Jewish World Review June 21, 2004 / 2 Tamuz, 5764

Bill O'Reilly

Bill O'Reiley
JWR's Pundits
World Editorial
Cartoon Showcase

Mallard Fillmore

Michael Barone
Mona Charen
Linda Chavez
Ann Coulter
Greg Crosby
Larry Elder
Don Feder
Suzanne Fields
Paul Greenberg
Bob Greene
Betsy Hart
Nat Hentoff
David Horowitz
Marianne Jennings
Michael Kelly
Mort Kondracke
Ch. Krauthammer
Lawrence Kudlow
Dr. Laura
John Leo
David Limbaugh
Michelle Malkin
Chris Matthews
Michael Medved
Kathleen Parker
Wes Pruden
Sam Schulman
Amity Shlaes
Tony Snow
Thomas Sowell
Cal Thomas
Jonathan S. Tobin
Ben Wattenberg
George Will
Bruce Williams
Walter Williams
Mort Zuckerman

Consumer Reports

The worst of Times | On the day Ronald Reagan was buried, The New York Times ran a page 1 analysis of how history might evaluate his presidency that stated: "[Reagan's] conviction that words counted for more in politics than mere deeds enabled him to convince large majorities that as long as he was in charge, it would remain 'Morning in America' ... [His] brand of radical conservatism had a counterpart in Britain under Margaret Thatcher, but it achieved little success elsewhere."

Radical conservatism? Reagan was a Barry Goldwater clone? According to R.W. Apple, the Times associate editor who wrote the piece, he was indeed. And so another example of how The Times itself has become radicalized is in the books.

Somewhere along the line, The Times got out of the news business and into the nation building business. Its primary intent is no longer to provide objective information and fair-minded analysis to its readers, but to convince them to support a brave new world in the U.S. The power of The Times is being used to promote the formation of a new America, a bright, shining progressive city on a hill of steep government entitlements.

Why should you care what an individual newspaper does? Even with a circulation of more than a million, most Americans don't read The Times. But consider this: Every morning, the powerful barons and anchor people who run the network TV news operations read The Times first thing. They often take editorial direction from the paper, sometimes duplicating story selection and even point of view. All-news radio does the same thing, and The Times' wire goes out to thousands of newspapers across the country and around the world. This is one extremely powerful outfit.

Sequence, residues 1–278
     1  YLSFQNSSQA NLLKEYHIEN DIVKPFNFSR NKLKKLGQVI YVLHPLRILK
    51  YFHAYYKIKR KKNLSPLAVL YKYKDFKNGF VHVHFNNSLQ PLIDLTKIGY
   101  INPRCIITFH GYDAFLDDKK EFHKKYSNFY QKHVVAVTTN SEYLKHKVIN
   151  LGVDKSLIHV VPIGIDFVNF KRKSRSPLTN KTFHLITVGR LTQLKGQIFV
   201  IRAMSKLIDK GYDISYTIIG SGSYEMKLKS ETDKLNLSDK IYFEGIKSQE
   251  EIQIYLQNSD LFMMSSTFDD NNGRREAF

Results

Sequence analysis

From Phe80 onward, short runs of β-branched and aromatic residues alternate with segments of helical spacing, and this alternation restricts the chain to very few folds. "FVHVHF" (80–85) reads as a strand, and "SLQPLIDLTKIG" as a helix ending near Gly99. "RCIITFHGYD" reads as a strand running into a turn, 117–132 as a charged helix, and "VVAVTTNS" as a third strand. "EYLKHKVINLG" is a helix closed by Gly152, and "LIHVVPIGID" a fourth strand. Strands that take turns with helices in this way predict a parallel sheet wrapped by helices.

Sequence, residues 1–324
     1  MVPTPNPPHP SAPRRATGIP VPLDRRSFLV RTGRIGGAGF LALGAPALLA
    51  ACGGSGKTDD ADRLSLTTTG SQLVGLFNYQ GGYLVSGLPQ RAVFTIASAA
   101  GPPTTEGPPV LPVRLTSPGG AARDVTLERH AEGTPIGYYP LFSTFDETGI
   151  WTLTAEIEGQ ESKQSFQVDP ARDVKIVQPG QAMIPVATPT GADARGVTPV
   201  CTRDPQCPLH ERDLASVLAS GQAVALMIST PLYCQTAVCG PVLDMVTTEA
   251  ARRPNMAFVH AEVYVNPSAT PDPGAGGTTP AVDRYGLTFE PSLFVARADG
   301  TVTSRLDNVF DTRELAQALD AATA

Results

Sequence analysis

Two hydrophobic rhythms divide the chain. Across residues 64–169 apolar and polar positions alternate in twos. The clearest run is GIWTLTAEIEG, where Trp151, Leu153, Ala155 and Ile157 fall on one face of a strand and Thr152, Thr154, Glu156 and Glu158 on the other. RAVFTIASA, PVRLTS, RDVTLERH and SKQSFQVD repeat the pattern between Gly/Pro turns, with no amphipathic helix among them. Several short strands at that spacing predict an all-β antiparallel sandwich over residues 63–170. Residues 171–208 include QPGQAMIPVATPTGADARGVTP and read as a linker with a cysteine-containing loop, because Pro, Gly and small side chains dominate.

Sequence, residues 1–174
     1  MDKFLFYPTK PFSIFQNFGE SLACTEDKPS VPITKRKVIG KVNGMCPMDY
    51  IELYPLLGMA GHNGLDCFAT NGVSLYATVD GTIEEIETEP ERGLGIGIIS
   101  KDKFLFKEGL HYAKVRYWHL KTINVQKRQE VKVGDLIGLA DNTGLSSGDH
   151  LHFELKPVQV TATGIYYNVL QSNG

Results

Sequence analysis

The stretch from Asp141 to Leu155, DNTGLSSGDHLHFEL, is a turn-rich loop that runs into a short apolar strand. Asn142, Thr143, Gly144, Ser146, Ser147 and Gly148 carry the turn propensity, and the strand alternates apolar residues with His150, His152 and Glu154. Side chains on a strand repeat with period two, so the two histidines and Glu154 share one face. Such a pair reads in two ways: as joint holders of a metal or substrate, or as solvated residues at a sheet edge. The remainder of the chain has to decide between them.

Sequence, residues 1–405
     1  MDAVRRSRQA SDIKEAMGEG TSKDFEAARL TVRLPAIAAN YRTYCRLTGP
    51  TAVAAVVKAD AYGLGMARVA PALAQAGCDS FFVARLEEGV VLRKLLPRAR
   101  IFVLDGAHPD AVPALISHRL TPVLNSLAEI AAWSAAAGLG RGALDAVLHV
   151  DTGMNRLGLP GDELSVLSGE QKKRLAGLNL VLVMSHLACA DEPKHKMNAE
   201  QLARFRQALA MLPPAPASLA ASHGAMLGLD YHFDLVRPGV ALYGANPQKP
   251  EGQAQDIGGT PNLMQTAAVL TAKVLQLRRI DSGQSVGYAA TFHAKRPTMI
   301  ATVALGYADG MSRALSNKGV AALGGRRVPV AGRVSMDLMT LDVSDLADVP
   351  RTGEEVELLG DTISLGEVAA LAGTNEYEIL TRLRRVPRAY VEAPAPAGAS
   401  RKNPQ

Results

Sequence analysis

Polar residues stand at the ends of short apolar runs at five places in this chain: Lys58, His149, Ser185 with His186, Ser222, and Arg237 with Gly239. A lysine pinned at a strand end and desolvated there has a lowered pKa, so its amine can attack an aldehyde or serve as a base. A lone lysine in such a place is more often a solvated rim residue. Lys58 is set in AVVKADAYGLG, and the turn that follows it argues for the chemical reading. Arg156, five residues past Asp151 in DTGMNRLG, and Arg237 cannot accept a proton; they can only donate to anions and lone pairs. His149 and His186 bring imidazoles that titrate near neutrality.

The transformation of The Times from news source to ideological journal has taken years. The absurdity of labeling Reagan a far-right radical is just the latest in a long line of over-the-top reportage. Two further recent examples:

  • The Times ran 43 front-page stories in 47 days on the Abu Ghraib prison scandal in Iraq. By contrast, the Chicago Tribune, certainly no conservative bastion, posted 27 front-page stories on the situation. There is no question The Times is using the scandal to hammer the Bush administration, since its front-page expositions often contain little new information.

  • Over the past few months, The Times has run 11 stories on the startup liberal radio network that is now having trouble paying its bills and is heard on fewer than 20 stations. The last time The Times tried to prop up this propaganda operation, its correspondent opined that the network had a "significant" audience. That is flatout untrue.

    Donate to JWR

    In almost every section, a Times reader is confronted with liberal ideology. Even the feature sections are skewed. Times business reporter Geraldine Fabrikant wrote an article on me a few months back and described your humble correspondent as a "conservative" four times. I guess the label was used the fourth time in case you might have missed the other three.

    In the world of The Times, Americans like Reagan who want a smaller federal government are radicals. Those who believe symbols of Judeo-Christian philosophy should be freely exhibited in public are fundamentalists. If you oppose abortion, you are anti-woman. If you're against gay marriage, you are, quite possibly, homophobic.

    As the Blues Brothers once remarked: "We're on a mission from G-d." The Times, of course, would remove G-d from that quotation. The paper is definitely on a mission, and the gloves are off. Publisher Arthur Sulzberger and his tribe want a secular nation with few judgments on personal behavior, income redistribution through taxation of the affluent and a foreign policy that seeks consensus at almost all costs.

    That's the sign of The Times today. And G-d (sorry) help you if you stand in its way.

    Enjoy this writer's work? Why not sign-up for the daily JWR update. It's free. Just click here.

    JWR contributor Bill O'Reilly is host of the Fox News show, "The O'Reilly Factor," and author of, most recently, "Who's Looking Out for You?" Comments by clicking here.

    Bill O'Reilly Archives


    © 2004 Creators Syndicate